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The Resource Consequences of Recent Parental Divorce for Young Adults, 1990-1992

Consequences of Recent Parental Divorce for Young Adults, 1990-1992

Label
Consequences of Recent Parental Divorce for Young Adults, 1990-1992
Title
Consequences of Recent Parental Divorce for Young Adults, 1990-1992
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Summary
This longitudinal study focused on examining the consequences of recent parental divorce for young adults (initially ages 18-23) whose parents had divorced within 15 months of the study's first wave (1990-91). The sample consisted of 257 White respondents with newly divorced parents and 228 White respondents who comprised an intact-family comparison group. A life course framework guided the study that focused heavily on young adult transition behaviors (entries and exits from home, work, school, cohabitation and marriage relationships, parenthood), family relationships (relationships with mother and father, siblings, grandparents), and well-being and adjustment (depression, coping). For respondents in the divorced-parents group, additional questions were asked about specific aspects of the divorce and their involvement in it. A follow-up telephone interview conducted two years later assessed life changes and subsequent adjustment over time for both groups of respondents. Specific questions addressed the sexual history of respondents and their most recent sexual partner, including the perceived risk of HIV/AIDS, history of sexual transmitted disease, the use of contraception, how much information they had shared with each other regarding their sexual attitudes and behaviors, and respondent's knowledge of the AIDS virus. Information was also collected on marital/cohabitation history, employment history, reproductive history, including the number and outcome of all pregnancies, physical and mental health, and tobacco, alcohol and drug use. Demographic variables include respondent's sex, age, occupation, employment status, marital/cohabitation status, number of children, current enrollment in school, past and present religious preferences, frequency of religious attendance, military service, and the number, sex, and age of siblings. Demographic information also includes the age, education level, employment status, and annual income of the respondent's parents, as well as the age, race, and education level of the respondent's most recent sexual partner. For those respondents whose parents were recently divorced, demographic information was collected on each parent's current marital status and the age of their new spouse or partner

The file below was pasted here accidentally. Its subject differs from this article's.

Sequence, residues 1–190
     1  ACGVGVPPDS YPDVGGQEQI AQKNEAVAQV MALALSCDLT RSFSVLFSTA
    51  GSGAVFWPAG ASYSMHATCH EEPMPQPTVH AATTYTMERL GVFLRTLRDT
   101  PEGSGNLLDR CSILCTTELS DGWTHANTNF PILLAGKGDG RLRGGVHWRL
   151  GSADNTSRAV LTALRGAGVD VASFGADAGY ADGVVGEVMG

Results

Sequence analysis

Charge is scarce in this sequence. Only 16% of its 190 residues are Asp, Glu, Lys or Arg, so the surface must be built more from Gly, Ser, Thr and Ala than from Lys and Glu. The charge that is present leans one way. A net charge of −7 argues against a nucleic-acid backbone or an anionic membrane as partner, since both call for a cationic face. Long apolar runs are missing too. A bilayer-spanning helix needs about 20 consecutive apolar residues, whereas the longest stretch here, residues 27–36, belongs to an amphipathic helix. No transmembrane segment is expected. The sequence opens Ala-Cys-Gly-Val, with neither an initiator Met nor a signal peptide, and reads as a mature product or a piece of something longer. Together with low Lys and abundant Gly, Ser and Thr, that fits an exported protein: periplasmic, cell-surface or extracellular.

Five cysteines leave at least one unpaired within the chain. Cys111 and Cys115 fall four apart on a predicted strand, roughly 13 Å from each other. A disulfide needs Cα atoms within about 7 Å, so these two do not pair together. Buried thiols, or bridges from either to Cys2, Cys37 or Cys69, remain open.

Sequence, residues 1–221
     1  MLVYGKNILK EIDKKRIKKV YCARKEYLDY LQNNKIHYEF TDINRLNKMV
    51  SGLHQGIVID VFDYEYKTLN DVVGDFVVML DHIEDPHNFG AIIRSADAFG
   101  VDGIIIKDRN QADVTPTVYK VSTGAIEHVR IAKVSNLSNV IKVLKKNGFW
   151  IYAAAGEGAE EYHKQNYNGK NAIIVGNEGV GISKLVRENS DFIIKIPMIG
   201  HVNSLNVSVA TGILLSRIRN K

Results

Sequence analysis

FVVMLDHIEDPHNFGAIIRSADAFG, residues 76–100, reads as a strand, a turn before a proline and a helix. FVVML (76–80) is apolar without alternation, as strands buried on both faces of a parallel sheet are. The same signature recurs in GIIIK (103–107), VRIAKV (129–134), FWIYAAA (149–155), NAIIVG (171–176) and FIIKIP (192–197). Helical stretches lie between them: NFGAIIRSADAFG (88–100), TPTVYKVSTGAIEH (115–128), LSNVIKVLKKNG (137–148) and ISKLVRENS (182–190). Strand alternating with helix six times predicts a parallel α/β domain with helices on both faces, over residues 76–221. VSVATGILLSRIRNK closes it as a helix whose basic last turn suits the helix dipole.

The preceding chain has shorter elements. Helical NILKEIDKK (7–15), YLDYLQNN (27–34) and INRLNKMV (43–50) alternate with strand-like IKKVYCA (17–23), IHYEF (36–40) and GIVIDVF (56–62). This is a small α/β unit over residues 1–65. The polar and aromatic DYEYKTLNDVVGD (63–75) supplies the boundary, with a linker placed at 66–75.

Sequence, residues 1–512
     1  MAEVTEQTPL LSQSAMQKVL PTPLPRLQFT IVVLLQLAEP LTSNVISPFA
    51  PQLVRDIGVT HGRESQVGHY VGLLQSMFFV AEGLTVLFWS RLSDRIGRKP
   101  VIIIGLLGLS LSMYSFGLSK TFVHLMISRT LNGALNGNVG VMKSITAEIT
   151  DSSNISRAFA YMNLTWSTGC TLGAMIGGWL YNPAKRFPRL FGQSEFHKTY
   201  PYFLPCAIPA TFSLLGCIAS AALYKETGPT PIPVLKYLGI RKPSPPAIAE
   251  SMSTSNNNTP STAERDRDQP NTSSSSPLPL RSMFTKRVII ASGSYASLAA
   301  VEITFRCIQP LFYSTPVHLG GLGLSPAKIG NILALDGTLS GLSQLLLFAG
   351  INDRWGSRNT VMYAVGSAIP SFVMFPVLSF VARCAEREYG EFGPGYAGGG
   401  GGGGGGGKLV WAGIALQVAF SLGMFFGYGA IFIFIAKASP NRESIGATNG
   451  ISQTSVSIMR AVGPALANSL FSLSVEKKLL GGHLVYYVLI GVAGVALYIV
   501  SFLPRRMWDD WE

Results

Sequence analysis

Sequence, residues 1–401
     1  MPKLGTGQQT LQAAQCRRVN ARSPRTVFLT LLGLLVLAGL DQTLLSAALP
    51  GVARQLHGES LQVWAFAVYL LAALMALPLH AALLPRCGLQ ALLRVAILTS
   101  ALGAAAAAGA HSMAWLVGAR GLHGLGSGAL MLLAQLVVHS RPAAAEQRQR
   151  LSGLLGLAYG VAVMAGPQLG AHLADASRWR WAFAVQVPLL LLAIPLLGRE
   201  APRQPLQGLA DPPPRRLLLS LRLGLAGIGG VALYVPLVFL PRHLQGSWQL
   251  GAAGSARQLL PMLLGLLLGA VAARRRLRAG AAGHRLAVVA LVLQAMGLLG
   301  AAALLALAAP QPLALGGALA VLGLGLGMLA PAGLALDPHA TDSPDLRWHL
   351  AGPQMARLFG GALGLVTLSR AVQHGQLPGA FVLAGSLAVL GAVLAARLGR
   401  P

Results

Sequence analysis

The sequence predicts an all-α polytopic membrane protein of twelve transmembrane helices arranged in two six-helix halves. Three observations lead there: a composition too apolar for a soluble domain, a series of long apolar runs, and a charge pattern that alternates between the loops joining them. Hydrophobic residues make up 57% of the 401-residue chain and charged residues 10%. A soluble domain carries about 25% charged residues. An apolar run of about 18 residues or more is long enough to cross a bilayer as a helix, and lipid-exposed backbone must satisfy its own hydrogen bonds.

http://library.link/vocab/creatorName
  • Cooney, Teresa M
  • Inter-university Consortium for Political and Social Research [distributor]
Label
Consequences of Recent Parental Divorce for Young Adults, 1990-1992
Instantiates
Publication
Note
  • 1990--1992
  • 24400
Control code
ICPSR24400.v1
Governing access note
Access restricted to subscribing institutions
Label
Consequences of Recent Parental Divorce for Young Adults, 1990-1992
Publication
Note
  • 1990--1992
  • 24400
Control code
ICPSR24400.v1
Governing access note
Access restricted to subscribing institutions

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